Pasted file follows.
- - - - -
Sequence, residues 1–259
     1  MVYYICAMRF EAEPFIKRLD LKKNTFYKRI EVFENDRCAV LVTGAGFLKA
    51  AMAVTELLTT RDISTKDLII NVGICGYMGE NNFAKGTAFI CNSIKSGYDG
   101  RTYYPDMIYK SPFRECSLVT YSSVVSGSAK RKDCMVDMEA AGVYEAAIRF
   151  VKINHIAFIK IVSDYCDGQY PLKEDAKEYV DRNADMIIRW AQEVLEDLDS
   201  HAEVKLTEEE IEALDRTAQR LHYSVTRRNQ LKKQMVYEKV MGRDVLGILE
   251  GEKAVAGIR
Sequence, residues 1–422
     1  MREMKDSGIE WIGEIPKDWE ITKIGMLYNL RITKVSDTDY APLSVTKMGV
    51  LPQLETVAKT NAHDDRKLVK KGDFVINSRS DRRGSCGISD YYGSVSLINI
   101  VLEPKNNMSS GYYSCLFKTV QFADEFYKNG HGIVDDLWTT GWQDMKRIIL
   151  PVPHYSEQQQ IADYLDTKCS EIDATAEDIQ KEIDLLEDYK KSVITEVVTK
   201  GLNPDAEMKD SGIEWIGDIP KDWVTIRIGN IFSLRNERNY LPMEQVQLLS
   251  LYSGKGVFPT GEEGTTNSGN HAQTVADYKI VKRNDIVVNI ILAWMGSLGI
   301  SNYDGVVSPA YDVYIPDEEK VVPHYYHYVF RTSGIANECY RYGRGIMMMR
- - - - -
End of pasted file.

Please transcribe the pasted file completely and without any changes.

Sequence, residues 1–259
     1  MVYYICAMRF EAEPFIKRLD LKKNTFYKRI EVFENDRCAV LVTGAGFLKA
    51  AMAVTELLTT RDISTKDLII NVGICGYMGE NNFAKGTAFI CNSIKSGYDG
   101  RTYYPDMIYK SPFRECSLVT YSSVVSGSAK RKDCMVDMEA AGVYEAAIRF
   151  VKINHIAFIK IVSDYCDGQY PLKEDAKEYV DRNADMIIRW AQEVLEDLDS
   201  HAEVKLTEEE IEALDRTAQR LHYSVTRRNQ LKKQMVYEKV MGRDVLGILE
   251  GEKAVAGIR
Sequence, residues 1–422
     1  MREMKDSGIE WIGEIPKDWE ITKIGMLYNL RITKVSDTDY APLSVTKMGV
    51  LPQLETVAKT NAHDDRKLVK KGDFVINSRS DRRGSCGISD YYGSVSLINI
   101  VLEPKNNMSS GYYSCLFKTV QFADEFYKNG HGIVDDLWTT GWQDMKRIIL
   151  PVPHYSEQQQ IADYLDTKCS EIDATAEDIQ KEIDLLEDYK KSVITEVVTK
   201  GLNPDAEMKD SGIEWIGDIP KDWVTIRIGN IFSLRNERNY LPMEQVQLLS
   251  LYSGKGVFPT GEEGTTNSGN HAQTVADYKI VKRNDIVVNI ILAWMGSLGI
   301  SNYDGVVSPA YDVYIPDEEK VVPHYYHYVF RTSGIANECY RYGRGIMMMR